There are Russell Group universities with relatively low numbers of mainland Chinese: Queen Mary’s, London has around 6%, Queen’s University Belfast 5% and Exeter, a firm favourite with the English upper classes, below 5%. But agents and students looking for places where integration is easier need to throw their net more widely.

The Chinese are very keen on university rankings, but they tend to focus too much on the overall rankings and forget to check how well a university does in the subject they are aiming to study. Take business and management, perhaps the top choice for many students and one in which the University of Bath, where Chinese make up just 5% of the student body, outranks UCL on the QS international ranking by subject. Or sport science, where Loughborough, which has just 4% Chinese, ranks top in the world, while Bath comes in third. Chinese agents may never have heard of these universities, but they consistently rank in the top 10 for British students who are particularly attracted by their campus locations and their excellent work-placement schemes.

Or take Swansea, which ranks top in medicine (followed by Oxford and then Dundee in the Complete University Guide). Out of its 24,000 students, 700 are Chinese – enough to form a community, but not so many that they can avoid integrating. This Welsh university also has one subject on offer which makes integration much easier: Mandarin.

Foreign-language degrees are becoming rare in the UK, but the universities that offer Mandarin, such as Portsmouth, De Montfort and UCLan, are in a good position to create direct link-ups between students who need to improve their Chinese and those who want to practice their English. Student websites wax lyrical about those which have ‘Sino English corners’ – areas on campus where the two groups can meet up for conversation exchanges – and praise unis which have ABACUS (the Association of British And Chinese Students), as well as societies purely for Chinese.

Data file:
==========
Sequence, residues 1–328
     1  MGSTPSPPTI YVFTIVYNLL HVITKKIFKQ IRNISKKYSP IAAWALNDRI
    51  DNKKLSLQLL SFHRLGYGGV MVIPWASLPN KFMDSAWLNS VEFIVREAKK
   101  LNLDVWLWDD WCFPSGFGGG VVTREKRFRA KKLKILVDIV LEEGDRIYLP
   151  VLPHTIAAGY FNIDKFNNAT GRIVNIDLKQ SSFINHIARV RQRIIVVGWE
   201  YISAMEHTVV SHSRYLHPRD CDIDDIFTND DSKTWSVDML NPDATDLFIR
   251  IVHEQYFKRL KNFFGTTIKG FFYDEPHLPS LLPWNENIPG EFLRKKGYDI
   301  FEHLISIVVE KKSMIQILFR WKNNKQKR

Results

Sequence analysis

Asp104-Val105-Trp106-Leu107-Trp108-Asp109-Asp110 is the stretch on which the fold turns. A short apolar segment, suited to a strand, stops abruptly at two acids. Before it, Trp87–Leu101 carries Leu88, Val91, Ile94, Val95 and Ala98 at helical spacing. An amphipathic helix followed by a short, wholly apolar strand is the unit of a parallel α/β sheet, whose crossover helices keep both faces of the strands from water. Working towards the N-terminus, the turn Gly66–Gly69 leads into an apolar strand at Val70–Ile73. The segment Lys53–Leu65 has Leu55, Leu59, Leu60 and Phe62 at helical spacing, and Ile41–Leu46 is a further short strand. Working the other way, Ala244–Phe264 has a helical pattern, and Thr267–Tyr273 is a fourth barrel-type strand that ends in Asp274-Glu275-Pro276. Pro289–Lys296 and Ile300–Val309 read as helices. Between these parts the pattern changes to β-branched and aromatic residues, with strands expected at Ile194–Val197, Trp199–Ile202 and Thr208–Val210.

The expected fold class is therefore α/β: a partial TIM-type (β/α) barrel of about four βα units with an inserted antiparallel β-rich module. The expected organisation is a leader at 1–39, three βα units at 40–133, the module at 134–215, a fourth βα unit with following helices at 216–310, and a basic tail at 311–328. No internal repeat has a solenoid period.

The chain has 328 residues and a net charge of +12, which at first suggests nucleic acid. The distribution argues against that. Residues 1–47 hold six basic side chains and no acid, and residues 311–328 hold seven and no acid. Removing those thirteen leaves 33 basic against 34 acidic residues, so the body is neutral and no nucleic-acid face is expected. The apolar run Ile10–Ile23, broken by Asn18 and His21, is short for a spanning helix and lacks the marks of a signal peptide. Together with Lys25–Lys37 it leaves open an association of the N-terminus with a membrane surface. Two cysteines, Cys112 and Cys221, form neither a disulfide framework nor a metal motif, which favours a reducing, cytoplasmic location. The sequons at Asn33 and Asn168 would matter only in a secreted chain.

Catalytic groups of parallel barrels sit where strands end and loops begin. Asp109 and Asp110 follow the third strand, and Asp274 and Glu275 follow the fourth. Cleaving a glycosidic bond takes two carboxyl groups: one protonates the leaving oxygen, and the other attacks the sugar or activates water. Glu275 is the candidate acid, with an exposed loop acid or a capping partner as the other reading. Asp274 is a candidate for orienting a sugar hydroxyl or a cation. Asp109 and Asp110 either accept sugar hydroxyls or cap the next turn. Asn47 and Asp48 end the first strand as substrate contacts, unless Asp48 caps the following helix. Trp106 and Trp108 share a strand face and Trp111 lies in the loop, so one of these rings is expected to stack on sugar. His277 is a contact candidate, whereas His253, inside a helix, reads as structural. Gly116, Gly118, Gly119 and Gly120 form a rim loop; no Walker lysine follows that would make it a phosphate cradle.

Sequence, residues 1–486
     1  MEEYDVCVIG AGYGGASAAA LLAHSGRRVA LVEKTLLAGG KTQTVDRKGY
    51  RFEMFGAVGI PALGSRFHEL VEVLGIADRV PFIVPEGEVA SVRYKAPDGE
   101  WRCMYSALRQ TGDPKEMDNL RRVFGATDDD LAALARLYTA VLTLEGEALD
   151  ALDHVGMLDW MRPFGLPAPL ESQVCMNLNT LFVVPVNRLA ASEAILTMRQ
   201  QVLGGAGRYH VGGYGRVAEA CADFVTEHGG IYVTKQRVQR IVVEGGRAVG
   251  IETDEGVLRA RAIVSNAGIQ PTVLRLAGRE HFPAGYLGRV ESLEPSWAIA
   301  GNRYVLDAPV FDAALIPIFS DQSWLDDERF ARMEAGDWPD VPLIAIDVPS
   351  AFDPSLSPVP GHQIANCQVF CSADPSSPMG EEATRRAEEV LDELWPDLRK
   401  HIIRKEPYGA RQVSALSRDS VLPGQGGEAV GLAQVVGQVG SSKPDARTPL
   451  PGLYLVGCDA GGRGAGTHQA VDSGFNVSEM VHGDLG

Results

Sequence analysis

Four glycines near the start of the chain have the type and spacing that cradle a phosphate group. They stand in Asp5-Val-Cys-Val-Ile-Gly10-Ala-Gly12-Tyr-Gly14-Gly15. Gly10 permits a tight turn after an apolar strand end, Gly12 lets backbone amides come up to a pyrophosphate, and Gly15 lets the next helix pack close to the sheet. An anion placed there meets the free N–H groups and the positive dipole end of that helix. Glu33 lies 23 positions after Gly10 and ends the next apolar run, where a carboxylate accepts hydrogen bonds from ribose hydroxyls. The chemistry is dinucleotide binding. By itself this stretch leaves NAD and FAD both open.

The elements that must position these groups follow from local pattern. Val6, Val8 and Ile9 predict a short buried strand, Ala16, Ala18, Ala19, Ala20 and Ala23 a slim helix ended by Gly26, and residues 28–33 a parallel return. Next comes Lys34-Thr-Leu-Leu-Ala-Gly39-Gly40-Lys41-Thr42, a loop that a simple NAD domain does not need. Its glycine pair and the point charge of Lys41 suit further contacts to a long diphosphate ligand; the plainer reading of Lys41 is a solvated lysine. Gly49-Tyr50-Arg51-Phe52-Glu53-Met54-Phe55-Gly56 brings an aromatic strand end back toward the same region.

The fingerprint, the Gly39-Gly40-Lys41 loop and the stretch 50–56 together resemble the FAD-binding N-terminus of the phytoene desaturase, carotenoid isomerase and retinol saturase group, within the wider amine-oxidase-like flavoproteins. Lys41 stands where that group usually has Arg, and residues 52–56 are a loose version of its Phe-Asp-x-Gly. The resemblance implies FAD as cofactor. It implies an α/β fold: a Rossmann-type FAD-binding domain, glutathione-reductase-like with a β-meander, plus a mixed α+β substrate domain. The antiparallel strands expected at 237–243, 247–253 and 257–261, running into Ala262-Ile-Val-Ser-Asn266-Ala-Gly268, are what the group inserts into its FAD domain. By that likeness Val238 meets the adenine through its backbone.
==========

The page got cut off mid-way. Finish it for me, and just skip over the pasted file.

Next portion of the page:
Campuses with a Confucius Institute, such as South hampton and Oxford Brookes, also create opportunities for language exchange. True, these institutes can be politically controversial, but they can also open doors. At Edge Hill, for example, the Institute is open not just to their own students, but to local schoolteachers and their pupils, creating a link with the wider community.

The take-away

The single best idea we came across, however, was from a British student at an unnamed university which trained local undergraduates in the basics of ELF-style pronunciation teaching and set up one-to-one conversation classes, designed to increase confidence and break down cultural barriers.

It may also make them feel safer. A feeling of insecurity, especially when they venture off campus, is another reason mainland Chinese form protective bubbles. Although the UK is not a dangerous country – it has among the lowest murder rates in the Western world – racial harassment is not unknown and attacks on Chinese students certainly rose during Covid, just as they did in all the main education travel destinations, including Australia and Canada.

However, it’s dangerous to jump to the conclusion that an attack on a Chinese student is always a sign of racism. In 2021 there were a series of attacks on Chinese students in Sheffield. Nine women were hit on the head from behind and several were badly injured. The story went viral in mainland China and the Chinese Consul General urged the university to take special measures to protect students.

In September 2021, a former student of Sheffield University, Shan He, was charged with the attacks. She was described as Asian and no further information was given, but Shan is quite a common Han Chinese surname.

Image courtesy of PHOTO BY PIXABAY
Melanie Butler
Melanie Butler
Melanie started teaching EFL in Iran in 1975. She worked for the BBC World Service, Pearson/Longman and MET magazine before taking over at the Gazette in 1987 and also launching Study Travel magazine. Educated in ten schools in seven countries, she speaks fluent French and Spanish and rather rusty Italian.